April, 2017

Skydancer

Skydancer
Get the latest news on our hen harrier conservation work, including the five-year Hen Harrier Life+ project.

Skydancer - the UK's hen harriers

Follow the efforts of RSPB staff during the breeding season, as they attempt to monitor and protect one of England's rarest breeding birds of prey - the hen harrier.
  • Skydancer from Russia with love

    The RSPB's Bowland Project Officer James Bray gives the lowdown on Bowland's special new visitor.

    RSPB staff and volunteers on the United Utilities estate in Bowland are out in the hills monitoring and protecting birds of prey every day of the week in all types of weather. We have been spending much of our time looking for returning hen harriers over the past few weeks in some rather un-spring-like weather so yesterday I was elated when I looked up and saw a mature male harrier skydancing low over my head. The bird disappeared out of sight down a gulley very quickly so I headed to a different position for a different view, happy that another male hen harrier was back on the estate.

    Over the next few hours the harrier was skydancing and hunting the slopes, mostly at very long range in a welcome bit of heat haze. I gradually got better and better views, and as the sun dropped a bit I began to strongly suspect that it was actually a pallid harrier. I called a good friend who was nearby and as we returned to the site the harrier flew low along the opposite hill giving superb views for the first time, allowing us to confirm that it was a mature male pallid harrier. Pallid harriers are rare visitors to the UK, most recently juvenile birds in the autumn. Adult males are exceptionally rare in the UK but one was seen near Hornsea in East Yorkshire early last Sunday morning and this is likely to be the same bird.

    Thanks must go to Mark Breaks for the photographs of this stunning bird. It’s not a hen harrier (the focus of my work), but I didn’t allow that to temper my excitement at having found a very beautiful and rare bird. We would like other birders to see this bird but must ask that people strictly follow the access arrangements as detailed below.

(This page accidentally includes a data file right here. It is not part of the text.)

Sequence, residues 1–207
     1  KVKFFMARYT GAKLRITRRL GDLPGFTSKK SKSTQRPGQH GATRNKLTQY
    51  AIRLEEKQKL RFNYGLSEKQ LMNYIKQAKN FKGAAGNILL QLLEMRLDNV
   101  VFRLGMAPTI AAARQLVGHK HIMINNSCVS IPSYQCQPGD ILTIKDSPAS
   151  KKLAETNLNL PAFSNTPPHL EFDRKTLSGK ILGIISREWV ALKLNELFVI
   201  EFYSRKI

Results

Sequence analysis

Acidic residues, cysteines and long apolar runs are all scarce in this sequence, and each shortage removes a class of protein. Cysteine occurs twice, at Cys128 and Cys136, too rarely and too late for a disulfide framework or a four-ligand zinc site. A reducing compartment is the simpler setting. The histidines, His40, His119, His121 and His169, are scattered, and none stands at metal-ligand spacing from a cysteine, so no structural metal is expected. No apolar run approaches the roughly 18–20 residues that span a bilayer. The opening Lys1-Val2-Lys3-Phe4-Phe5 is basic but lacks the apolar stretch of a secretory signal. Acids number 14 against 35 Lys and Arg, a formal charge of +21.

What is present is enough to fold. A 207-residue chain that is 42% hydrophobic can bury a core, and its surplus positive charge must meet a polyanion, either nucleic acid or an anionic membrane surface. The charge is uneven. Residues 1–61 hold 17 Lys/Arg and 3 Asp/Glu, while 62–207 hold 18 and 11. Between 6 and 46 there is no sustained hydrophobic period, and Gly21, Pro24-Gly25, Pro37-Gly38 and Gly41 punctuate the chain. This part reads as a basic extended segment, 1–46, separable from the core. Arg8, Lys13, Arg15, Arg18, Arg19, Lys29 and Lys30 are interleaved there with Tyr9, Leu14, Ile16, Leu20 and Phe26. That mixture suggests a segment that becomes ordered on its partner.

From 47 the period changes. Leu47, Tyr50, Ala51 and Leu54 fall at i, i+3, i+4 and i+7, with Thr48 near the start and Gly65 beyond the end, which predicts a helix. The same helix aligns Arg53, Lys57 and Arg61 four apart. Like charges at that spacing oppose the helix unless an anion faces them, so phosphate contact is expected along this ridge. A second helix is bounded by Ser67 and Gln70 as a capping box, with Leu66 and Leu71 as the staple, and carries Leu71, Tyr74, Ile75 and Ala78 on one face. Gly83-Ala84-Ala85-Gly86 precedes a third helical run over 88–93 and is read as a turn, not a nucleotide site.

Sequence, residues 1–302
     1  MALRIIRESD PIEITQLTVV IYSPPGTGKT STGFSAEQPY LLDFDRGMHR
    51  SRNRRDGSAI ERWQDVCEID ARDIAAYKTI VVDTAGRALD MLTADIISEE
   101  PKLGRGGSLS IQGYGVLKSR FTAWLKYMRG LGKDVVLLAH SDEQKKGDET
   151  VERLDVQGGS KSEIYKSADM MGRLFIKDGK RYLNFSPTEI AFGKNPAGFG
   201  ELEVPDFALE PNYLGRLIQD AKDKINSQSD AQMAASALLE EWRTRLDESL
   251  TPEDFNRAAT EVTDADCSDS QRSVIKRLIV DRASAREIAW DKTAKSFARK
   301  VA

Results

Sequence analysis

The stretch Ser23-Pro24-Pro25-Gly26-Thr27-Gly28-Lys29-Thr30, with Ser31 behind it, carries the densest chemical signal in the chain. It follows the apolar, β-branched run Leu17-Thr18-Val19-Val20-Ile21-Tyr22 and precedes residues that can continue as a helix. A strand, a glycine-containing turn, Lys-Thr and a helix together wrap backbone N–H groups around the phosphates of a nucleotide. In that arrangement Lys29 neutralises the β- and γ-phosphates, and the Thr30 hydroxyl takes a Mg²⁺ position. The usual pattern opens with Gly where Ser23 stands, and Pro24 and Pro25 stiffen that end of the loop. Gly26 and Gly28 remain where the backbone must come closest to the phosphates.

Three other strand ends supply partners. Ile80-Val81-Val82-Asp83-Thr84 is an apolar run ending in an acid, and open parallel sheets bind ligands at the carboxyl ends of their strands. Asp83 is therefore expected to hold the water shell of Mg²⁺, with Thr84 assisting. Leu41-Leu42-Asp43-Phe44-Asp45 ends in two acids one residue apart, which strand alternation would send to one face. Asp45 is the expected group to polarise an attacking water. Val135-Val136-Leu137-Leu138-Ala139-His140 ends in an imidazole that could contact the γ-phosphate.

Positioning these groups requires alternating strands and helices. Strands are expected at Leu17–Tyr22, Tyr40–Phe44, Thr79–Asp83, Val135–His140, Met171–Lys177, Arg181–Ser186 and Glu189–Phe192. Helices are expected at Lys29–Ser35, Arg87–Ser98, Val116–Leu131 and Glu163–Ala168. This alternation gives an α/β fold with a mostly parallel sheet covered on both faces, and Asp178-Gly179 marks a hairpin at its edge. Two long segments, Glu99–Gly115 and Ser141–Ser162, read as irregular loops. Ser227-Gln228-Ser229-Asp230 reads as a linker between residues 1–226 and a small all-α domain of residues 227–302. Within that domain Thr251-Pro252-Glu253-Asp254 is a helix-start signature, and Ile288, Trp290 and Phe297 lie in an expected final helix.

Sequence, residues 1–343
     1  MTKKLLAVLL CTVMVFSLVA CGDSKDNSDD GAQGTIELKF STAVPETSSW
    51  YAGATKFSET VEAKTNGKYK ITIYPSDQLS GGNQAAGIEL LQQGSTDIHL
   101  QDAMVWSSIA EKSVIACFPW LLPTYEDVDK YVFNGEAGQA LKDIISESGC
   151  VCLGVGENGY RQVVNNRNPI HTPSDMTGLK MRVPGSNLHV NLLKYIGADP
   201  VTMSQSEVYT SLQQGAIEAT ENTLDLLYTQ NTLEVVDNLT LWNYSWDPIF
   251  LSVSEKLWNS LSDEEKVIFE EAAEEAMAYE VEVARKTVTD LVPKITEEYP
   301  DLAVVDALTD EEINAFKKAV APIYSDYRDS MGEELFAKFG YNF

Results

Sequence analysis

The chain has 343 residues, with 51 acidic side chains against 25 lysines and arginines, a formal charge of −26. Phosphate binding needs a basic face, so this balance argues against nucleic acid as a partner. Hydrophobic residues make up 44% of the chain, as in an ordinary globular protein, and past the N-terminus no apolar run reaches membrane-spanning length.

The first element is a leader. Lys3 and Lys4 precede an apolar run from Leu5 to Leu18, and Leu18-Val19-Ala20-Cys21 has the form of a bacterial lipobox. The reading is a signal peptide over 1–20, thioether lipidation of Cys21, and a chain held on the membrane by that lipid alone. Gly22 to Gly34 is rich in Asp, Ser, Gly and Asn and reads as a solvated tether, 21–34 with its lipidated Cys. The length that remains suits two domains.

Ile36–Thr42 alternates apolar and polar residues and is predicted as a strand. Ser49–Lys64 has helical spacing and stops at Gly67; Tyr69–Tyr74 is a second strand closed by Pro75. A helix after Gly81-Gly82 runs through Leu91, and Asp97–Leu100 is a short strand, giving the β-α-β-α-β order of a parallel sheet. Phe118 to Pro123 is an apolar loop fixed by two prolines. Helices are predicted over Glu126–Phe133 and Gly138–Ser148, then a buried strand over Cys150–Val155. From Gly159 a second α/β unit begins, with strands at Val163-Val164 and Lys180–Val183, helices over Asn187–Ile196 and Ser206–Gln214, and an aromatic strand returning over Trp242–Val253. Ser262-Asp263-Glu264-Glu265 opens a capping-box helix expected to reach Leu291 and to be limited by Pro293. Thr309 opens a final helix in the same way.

Access arrangements

    Please be aware that the pallid harrier is in a valley that is a four km walk from the nearest public parking. The walk is on a private road and vehicle access is only permitted for estate workers and the tenants that live and work here. BIRDERS MUST NOT  drive along this road, and will be asked to leave if they do.

     


     

    Cars must only be parked in the pay and display car park in Dunsop Village at SD662502. The road to walk on is then accessed by walking west through the village (toward Lancaster and the Trough) over the river and take the first right. Follow this road north for approximately 3.5 kms up the Dunsop Valley until the road splits. Take the right hand split and walk for another 500 metres. The harrier has been hunting the slopes below the cairn on the hill on the other side of the river. Best views have been had from around the first cattle grid that you reach on this road after the split (approximately SD659543).